Kolby Greenlee is only 18-months-old. He's been in and out of hospitals 16 times during his early life. He's battling two dangerous diseases.
18-month-old Kolby Greenlee has reasons to have his bad days. He's battling an infection doctors are treating with antibiotics.
Needles have been a big part of Kolby's life since he was 6-months-old, when doctors diagnosed him with Krohn's Disease. That means his intestinal track is constantly torn up and causes bleeding.
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Pediatrician Dr. David Waagner, who specializes in infectious diseases, is one of five doctors caring for Kolby.
"We managed his infections with his Krohn's Disease. He showed improvement. Then, a member of our pathologist staff was reviewing Kolby's blood smears one day and noticed that Kolby had developed some leukemic cells," said Dr. Waagner.
Three months ago, the Greenlee's found out Kolby not only had Krohn's Disease but Juvenile Myelomonocytic Leukemia a very dangerous and life threatening condition.
"We were really shocked about it at first because he had been having problems. We thought we had figured it out with Krohn's Disease, and then when they told us that he had Leukemia, it threw us for a loop," said Kenny Greenlee, Kolby's father.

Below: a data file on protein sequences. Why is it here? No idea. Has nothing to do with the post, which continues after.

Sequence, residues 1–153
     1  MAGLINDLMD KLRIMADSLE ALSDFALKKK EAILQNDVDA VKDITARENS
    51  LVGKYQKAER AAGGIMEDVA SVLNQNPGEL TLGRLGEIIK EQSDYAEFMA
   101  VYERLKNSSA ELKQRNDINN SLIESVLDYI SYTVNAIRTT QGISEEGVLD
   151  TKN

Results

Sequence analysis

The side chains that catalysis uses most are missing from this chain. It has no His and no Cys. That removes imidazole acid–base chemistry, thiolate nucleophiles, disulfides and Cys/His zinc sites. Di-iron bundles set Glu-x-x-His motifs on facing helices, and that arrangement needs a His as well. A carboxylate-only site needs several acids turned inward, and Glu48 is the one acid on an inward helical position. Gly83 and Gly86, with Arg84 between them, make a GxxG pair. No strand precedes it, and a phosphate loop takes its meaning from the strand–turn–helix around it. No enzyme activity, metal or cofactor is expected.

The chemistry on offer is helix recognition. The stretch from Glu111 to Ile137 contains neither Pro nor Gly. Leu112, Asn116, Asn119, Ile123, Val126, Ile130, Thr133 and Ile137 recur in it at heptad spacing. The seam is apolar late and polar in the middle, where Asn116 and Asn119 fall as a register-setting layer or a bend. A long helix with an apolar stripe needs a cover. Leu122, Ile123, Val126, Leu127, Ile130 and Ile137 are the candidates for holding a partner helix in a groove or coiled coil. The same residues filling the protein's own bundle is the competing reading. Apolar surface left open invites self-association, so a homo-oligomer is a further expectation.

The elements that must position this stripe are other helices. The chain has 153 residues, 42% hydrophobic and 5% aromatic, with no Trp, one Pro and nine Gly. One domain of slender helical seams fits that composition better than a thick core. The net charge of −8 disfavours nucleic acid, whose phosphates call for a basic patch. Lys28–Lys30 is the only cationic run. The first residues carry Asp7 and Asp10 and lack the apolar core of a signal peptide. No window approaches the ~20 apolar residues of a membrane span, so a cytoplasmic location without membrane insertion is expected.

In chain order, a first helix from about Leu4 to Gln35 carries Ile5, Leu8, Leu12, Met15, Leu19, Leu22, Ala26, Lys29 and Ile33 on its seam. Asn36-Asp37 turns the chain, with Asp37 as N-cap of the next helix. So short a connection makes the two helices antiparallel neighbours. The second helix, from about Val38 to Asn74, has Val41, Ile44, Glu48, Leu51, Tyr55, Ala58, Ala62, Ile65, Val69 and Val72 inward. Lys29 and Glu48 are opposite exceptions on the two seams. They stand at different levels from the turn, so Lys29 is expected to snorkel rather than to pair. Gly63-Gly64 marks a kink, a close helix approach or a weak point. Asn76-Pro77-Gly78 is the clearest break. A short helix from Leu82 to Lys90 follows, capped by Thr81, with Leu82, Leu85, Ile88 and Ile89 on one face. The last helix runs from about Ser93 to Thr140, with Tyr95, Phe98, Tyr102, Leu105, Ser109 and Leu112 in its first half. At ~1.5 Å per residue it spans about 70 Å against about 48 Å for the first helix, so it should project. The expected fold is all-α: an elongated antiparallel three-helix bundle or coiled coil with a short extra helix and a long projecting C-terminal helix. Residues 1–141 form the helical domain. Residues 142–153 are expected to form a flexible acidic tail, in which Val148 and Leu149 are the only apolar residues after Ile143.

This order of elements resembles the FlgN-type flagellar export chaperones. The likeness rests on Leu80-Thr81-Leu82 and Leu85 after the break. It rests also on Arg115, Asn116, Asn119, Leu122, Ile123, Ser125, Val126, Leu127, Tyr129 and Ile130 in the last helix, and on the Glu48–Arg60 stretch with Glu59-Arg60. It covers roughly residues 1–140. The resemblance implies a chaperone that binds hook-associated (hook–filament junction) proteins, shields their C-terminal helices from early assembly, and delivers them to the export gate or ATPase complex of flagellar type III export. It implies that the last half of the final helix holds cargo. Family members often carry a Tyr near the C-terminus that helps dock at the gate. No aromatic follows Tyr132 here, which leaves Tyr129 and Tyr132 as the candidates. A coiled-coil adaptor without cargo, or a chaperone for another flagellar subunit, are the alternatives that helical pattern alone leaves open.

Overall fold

As soon as Kolby's infection goes away, doctors will administer a very strong dose of chemotherapy they say will physically wipe him out. Then, doctors say Kolby's only chance for survival is a bone marrow transplant.
The donor is Kolby's older brother, Kaden, who is only 3-years-old.
"With techniques and after the bone marrow transplant, the most optimistic survival rate for Kolby is 25%," said Dr. Douglas Klepper, Kolby's general pediatrician.
"We're pretty confident it might workout alright," said Angie Greenlee, Kolby's mother.
And it's Kolby's smile and energy that gives his parents that confidence. A sparkle of hope, even knowing there's a chance they could lose him.
"You try not to think about it. If you think about it too much, you're going to get depressed. We're confident they're going to do everything they can. We've got the best doctors, that we know of, that could possibly be working on him," said Angie.
"We'd be wrong to think that all of our Children's Miracle Network kids are going to survive their illness. We know that some are not, no matter what our best efforts are, but we can make that transition easier. CMN allows us to make that transition easy also along with curing many kids," said Dr. Klepper.